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Joined: Dec 2003
Posts: 2,736
Shop Shark
Thanks for the link to the site John. Very interesting material there that we can all benefit from.

1953 Chevy 5-window 3100
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Engine & Driveline Moderator

If you can't make seventy by an easy road, don't go. ~~ Mark Twain
Joined: Jan 2014
Posts: 86
Shop Shark
I had a 1975 plymouth VALIANT that had a light on the front fender that would lite up when you pushed down on the gas to much (DRIVER-SIDE).I asked the dealer at the time about the lite and his reply was (GET THIS)If you are using to much gas to drive the car it comes on to make you back off on the gas pedal to conserve fuel.That lite drove my wife crazy.She believed if a lite comes on there is something wrong.I cut and taped the wire that went to it.

Joined: Aug 2012
Posts: 568
Shop Shark
understanding the vacuum readings video

"As I lay rubber down the street, I pray for traction I can keep, but if I spin and begin to slide, please dear God protect my sweet ride." -Amen

56 Chevy 3100
Joined: Sep 2008
Posts: 882
Shop Shark
What most of those vacuum gauge tutorials omit is that at idle you might see a 1-2in drop on the guage. Its worse with a 4 cylinder. I was chasing the needle on my L134 in the jeep and it turns out that, at idle, a 4 cylinder will bounce 1-2 points.. is a valve timing issue. 6's and 8s don't bounce much, if at all at idle.

Joined: Feb 2012
Posts: 537
Thanks for the continued ideas. I'm on the road this week. I'll check out the tutorial video and play around on the truck this weekend. I'll keep you posted.


Joined: Dec 2008
Posts: 1,708
The position of the vacuum tap matters.
A tap too close to an individual throttle disc makes the gauge "nervous" at low speed.
The more buffer (plenum) volume between the tap and the disc the steadier the reading will be.
Be sure to get the spark right before making mixture adjustments - more initial advance has a big effect on idle vacuum!

Joined: Sep 2008
Posts: 882
Shop Shark
A lot of the time you don't get a choice. My L134 had two taps by my GMC270 only has one.

The at idle bounce is not an indication of an issue (although a lot of the tutorials will say that a bounce at idle is an issue) but if its only 5-10in drops, not 1-2in ticks.

Taking the motor even slightly off idle stops the bounce and does not interfere with other inductors.

Joined: Feb 2012
Posts: 537
I finally got a chance to play around with the vacuum gauge this weekend. The first thing I did was zero the gauge. I figured out that the rubber cover and plastic face plate on the gauge were removable. There is a small flat head screw on the face of the gauge that can be turned to adjust the needle. Out of the box from HF, mine bottomed out at 10 instead of 0. I saved myself having to buy a new gauge.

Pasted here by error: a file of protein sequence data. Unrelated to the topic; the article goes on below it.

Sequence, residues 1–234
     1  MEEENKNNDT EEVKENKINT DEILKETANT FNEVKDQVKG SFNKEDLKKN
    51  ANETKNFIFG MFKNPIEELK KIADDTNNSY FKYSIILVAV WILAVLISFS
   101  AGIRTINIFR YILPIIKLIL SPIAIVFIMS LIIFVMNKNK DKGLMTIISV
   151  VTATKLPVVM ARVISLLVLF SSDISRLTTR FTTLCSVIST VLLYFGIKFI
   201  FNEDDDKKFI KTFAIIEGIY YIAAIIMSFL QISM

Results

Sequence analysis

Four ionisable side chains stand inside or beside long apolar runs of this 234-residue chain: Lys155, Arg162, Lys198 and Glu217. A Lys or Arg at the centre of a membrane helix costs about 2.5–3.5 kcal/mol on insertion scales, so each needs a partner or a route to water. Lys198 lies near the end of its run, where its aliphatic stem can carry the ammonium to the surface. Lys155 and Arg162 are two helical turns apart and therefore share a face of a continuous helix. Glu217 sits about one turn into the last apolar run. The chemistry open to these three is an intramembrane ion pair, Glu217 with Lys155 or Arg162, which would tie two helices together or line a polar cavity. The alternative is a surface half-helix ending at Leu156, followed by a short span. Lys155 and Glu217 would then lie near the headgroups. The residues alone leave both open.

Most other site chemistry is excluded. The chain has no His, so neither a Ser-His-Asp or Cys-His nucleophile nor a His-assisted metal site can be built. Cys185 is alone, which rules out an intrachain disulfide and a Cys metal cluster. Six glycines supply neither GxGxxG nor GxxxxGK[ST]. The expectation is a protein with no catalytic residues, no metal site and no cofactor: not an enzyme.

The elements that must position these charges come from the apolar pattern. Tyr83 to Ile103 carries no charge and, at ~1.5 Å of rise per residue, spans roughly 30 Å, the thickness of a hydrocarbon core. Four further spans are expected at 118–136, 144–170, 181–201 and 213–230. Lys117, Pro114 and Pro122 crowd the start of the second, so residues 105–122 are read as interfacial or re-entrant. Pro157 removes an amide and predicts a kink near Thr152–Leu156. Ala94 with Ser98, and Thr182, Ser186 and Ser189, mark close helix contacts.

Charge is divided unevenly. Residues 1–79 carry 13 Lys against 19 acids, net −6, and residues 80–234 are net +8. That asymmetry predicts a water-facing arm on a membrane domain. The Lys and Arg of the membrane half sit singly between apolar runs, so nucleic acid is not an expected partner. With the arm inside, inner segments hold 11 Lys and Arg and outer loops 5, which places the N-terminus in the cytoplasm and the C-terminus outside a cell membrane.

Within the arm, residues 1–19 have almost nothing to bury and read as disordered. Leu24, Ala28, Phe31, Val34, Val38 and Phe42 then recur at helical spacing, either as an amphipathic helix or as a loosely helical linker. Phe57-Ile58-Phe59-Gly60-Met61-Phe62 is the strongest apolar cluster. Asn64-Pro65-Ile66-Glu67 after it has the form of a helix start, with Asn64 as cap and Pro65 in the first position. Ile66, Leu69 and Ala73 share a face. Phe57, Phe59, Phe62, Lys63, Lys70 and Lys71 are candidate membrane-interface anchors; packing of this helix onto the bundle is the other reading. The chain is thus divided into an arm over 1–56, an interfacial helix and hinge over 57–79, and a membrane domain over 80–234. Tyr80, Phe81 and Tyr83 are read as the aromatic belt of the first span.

I hooked up the gauge to a port on the intake manifold and set about checking the timing. I was using a cheapo HF timing light so it was a bit challenging. I unhooked the vacuum line from the advance on the distributor and plugged the line. I had the timing right where I thought it was good. The problem arose when I hooked the vacuum line back up to the advance. As soon as I got the line even partway on the nipple the engine would instantly die. Hooking the vacuum line to the advance killed the engine every time. I had to call my man Joe H to have him help me figure out the issue. I've got it running pretty good now with the advance hooked back up, but I'm not totally convinced I solved my issue.

I got a long piece of vacuum line from my FLAPS and ran it through the firewall to the cab. I hung my vacuum gauge from my GPS mount and was able to read it while driving. It made for some very interesting driving. It's amazing how little throttle will make the vacuum drop. I found that if I could hold the vacuum above 10 inches while driving around the local area it seemed pretty economical. I then took it out on the interstate for a test drive. The first thing I discovered was how non-aerodynamic my Burb is. There was about a 20 mph wind that was blowing west to east parallel to the highway. I tried to keep the vacuum at or above 10 inches while driving. On the flats or downhill it would go as high as 15-17. I had to baby it going uphill to keep it above 10. Running with the wind I was able to maintain 60-65mph consistently without going below 10. Running into the wind it was more like 50-55 without busting 10. It was amazing how much difference the headwind made.

I welcome any thoughts/suggestions on my vacuum advance-timing issue and any interpretations on my driving gauge readings. Should I try a scientific experiment on timing settings. I'm think of finding a long hill that I can fun up and down. If I pick a speed and document my vacuum readings can I play with the timing in order to try and get the vacuum as high as possible at the given speed on the same hill??


Joined: Sep 2008
Posts: 882
Shop Shark
Mechanical timing is only going to get you so close... and as things wear the timing will shift yet again so I would really aim for the best average of all speeds.

The advance setting that works on flat ground may ping the motor up a hill... that's why the vacuum advance helps so much... on flat ground, high vacuum, lots of advance. Up a hill low vacuum, a little less advance.

You can get a 'fuel economy' vacuum gauge and drive that.. its pretty much what you want to do but in a nice color coded gauge.

You *could* look at the old Model T' and A's... they had manual spark advance so you could dial in the motor.... but with vacuum advance and mechanical/spring loaded dist weights much of the 'easy stuff' is already taken care of.

Joined: Feb 2012
Posts: 537

Hooah. Thanks. I don't want to make this super complicated. I'll look for a fuel economy vacuum gauge.


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